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Randomize Your Everything, and Do It Well
The Dungeon Master's Guide has always been the true province of D&D's infamous random tables, and this edition is no different. The guidelines for generating adventures, NPCs, and dungeons are all stocked with charts and tools for coming up with either a character on the fly or a bit of inspiration for a stuck DM. There's even bits like quirks for NPCs, tavern name generators, urban encounters, and a whole appendix that's simply a (remarkably thorough) random dungeon generator.
That's not to say that these are tools without any instruction, since the same section with this cornucopia of arbitrariness is also the part of the book that deals in rules for adventures, what an appropriate encounter looks like, and such minutiae as traps or special powers for villains. There's a chunk in here of great advice on how to use downtime between adventures, too, giving some life to the moments of your game where weeks or months pass "uneventfully." The adventure generation advice in particular is great, with a section detailing kinds of adventures - like Dungeon Crawl or Investigation - and how to implement them. Combined with the advice on generating types of campaigns, this section of the DMG outlines not just the art, but the process of actually designing your game, something past editions have lacked good guidelines for. Helping DMs know what to do with the session-to-session contents of their game is valuable use of page space, and well written to boot.
Rules, From Treasure to Madness
As befits the book for the person handing out all the loot, there's about a hundred pages - a third of the book - dedicated to, you guessed it: Treasure and Magic Items. There's the standard stuff, like how much loot DMs should hand out for what kind of encounters, and randomized tables to make it all nice and surprising. It's all vaguely reminiscent of the third edition DMG, but organized more usefully into individual categories for single monsters or for whole encounters. The magic items themselves range from the standard, banal D&D staples like +1 Swords and Rings of Protection to more exotic additions to the pantheon of Wondrous Items like the Alchemy Jug - which can produce a few gallons of a variety of liquids each day. (It'll get most use, I expect, from adventurers producing two gallons of Mayonnaise each day. Trust me on this one.) There aren't too many surprises here, from the tables of gems and art objects by value to the artifacts. The real money is in the short, sweet section entitled "Other Rewards," where DMs can get inspiration for giving their characters land, properties, divine blessings, favors, and other such story-based rewards with a bit of mechanical weight. Here also is a chunk of advancement options for characters who reach beyond 20th level, gaining Epic Boons that allow them to break a few rules - perfect for those long-term campaigners who just didn't manage to finish off their stories at the 20th level point.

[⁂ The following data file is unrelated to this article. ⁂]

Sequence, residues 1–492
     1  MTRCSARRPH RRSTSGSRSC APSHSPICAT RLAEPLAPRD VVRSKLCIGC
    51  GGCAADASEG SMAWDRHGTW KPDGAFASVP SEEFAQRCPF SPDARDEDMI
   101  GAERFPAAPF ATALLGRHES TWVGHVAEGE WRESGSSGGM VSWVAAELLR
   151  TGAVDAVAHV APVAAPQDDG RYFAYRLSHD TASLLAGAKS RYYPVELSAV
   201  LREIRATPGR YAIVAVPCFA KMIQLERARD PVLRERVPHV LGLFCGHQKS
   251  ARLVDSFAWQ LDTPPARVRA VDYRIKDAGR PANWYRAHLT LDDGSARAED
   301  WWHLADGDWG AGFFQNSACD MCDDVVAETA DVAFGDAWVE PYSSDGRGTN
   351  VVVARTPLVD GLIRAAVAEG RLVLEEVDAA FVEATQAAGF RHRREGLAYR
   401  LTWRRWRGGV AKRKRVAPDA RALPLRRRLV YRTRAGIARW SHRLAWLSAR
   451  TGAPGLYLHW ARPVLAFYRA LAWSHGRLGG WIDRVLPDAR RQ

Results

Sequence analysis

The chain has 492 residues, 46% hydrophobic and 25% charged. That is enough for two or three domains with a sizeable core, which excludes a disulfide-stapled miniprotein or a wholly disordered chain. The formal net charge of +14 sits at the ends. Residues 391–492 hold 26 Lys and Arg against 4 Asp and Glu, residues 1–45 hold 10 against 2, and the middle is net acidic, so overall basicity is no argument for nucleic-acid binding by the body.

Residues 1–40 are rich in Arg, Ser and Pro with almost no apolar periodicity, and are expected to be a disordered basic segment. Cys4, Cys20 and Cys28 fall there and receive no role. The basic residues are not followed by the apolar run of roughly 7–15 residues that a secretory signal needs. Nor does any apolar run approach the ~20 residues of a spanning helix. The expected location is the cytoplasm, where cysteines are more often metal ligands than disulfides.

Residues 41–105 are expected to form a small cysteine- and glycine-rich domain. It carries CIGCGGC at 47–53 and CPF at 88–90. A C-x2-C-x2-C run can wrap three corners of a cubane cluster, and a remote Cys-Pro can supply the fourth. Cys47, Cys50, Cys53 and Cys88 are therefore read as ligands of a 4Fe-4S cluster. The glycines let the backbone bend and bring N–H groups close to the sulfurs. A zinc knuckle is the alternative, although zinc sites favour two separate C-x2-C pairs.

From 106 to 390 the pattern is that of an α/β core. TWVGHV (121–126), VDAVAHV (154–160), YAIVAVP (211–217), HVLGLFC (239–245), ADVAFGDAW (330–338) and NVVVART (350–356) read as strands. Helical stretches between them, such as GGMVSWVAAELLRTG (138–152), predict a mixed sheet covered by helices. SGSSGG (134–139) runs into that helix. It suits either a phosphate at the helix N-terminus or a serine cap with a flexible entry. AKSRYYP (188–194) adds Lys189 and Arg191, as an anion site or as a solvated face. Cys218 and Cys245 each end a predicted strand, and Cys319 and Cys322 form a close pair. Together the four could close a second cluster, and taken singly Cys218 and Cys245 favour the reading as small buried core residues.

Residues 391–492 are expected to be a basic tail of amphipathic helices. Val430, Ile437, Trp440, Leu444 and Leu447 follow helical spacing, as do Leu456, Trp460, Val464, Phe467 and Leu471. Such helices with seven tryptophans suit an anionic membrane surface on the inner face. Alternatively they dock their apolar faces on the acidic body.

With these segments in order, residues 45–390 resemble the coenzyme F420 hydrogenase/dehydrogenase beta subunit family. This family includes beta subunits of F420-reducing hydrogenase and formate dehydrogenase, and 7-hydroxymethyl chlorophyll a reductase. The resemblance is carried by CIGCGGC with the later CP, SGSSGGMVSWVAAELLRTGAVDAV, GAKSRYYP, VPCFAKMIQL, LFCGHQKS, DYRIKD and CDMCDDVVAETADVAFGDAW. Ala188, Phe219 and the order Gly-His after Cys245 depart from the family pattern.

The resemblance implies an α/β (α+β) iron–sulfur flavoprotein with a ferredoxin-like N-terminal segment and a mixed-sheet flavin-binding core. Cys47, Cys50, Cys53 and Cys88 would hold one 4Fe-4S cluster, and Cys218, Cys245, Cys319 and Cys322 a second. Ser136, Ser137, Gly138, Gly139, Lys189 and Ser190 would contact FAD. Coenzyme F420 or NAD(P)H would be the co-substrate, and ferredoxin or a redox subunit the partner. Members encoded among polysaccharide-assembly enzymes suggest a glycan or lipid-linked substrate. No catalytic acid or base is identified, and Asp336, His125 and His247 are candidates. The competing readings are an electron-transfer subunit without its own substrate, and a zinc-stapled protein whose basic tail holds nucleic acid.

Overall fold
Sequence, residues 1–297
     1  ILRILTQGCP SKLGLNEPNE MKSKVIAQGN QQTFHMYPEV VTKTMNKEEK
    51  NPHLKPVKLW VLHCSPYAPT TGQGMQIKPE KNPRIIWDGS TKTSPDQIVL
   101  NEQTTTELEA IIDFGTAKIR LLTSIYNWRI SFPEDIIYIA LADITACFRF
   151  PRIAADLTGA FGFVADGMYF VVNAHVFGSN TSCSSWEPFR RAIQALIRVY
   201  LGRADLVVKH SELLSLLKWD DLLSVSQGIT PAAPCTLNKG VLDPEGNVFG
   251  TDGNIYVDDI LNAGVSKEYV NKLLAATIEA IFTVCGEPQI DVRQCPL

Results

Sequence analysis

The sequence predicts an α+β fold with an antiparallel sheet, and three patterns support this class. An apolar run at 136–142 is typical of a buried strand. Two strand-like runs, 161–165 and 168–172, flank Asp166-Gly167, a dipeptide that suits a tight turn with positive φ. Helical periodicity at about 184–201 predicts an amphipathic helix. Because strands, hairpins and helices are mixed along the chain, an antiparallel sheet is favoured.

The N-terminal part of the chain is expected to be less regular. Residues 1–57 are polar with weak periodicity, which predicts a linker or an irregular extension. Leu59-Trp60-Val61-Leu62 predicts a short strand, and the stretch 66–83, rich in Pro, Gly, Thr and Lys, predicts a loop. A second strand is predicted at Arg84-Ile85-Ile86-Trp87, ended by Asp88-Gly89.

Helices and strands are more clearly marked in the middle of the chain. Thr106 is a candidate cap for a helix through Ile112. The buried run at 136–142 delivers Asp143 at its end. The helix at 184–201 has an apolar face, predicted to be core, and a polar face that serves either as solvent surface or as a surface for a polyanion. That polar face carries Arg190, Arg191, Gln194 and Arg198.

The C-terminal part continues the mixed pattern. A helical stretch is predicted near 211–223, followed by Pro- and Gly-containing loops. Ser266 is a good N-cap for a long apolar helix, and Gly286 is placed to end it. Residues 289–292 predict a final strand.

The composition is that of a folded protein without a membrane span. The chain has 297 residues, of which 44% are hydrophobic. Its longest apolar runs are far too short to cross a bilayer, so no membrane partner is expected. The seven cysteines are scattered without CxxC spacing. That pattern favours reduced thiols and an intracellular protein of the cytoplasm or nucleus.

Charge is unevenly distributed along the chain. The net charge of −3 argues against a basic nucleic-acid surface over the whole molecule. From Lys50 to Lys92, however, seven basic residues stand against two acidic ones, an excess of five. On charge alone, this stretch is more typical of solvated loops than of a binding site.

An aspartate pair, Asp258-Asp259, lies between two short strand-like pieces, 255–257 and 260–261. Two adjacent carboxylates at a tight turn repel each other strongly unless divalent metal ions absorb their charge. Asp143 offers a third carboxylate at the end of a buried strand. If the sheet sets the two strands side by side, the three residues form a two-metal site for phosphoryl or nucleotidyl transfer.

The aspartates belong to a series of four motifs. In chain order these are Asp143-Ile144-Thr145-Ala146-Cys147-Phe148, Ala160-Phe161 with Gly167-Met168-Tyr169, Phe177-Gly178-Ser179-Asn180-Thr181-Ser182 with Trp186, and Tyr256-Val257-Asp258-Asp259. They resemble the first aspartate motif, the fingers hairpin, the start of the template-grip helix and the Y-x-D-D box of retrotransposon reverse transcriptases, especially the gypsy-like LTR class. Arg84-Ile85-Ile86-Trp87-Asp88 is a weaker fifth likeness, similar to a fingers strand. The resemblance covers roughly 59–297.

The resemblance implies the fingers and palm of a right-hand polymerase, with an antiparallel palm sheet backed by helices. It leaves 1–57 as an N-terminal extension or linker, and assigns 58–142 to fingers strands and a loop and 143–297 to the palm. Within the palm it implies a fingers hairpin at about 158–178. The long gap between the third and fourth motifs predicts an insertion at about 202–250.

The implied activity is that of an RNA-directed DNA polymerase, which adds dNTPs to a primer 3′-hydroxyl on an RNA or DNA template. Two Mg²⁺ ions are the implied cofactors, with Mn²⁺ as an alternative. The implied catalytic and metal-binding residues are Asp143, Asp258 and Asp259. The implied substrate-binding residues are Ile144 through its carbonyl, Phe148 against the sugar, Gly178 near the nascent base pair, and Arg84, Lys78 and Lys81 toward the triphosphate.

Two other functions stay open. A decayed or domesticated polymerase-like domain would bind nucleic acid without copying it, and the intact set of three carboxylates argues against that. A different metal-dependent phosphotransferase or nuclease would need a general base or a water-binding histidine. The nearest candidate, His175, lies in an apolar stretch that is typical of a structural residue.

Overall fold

The contents of the Master of Rules section segue out of treasure, handing over the torch to a few pages that would have been much better placed in the Players' Handbook, since they seem like basics for everyone to understand and not just the DM. The section deals with when to roll dice, what to resolve with ability checks, and when to call for attack and saving throws. While it seems like a good idea on the surface to leave these kinds of calls up to the Dungeon Master, it'll be the source of more than a few arguments at the table for many groups composed of newer players simply because there's not good baseline to refer back to. On the other hand, the ideas of success at a cost, degrees of success or failure, and critical successes or failures, all make appearances in this advice as rules variants - and they make most sense here, alongside this rules advice.
There's also rules that run the full gamut of optional additions or corner cases. Things like house rules, exploration, social interaction, damaging objects, combat additions, chases, siege equipment, diseases, poisons, madness, and when to deal out experience points. Of those, some are useful, others (Diseases, say) seem like rules minutia that just won't get much use. Lots of people were waiting for the section in the Dungeon Master's Guide on deeper grid or hex-grid combat using miniatures, and it's present, but will likely disappoint the hardest-core of miniatures gamers. They're serviceable, but not perfect, rules that address basics like range, cover, and movement, but leave a lot of the details up to individual DMs to arbitrate. The other standout is definitely the advice on adapting the experience points system to how your game runs, using a milestone system, a system based on sessions played, or a system based on non-combat encounters. These are things D&D players were doing anyways, so it's pleasing to see some official guidance on the matter.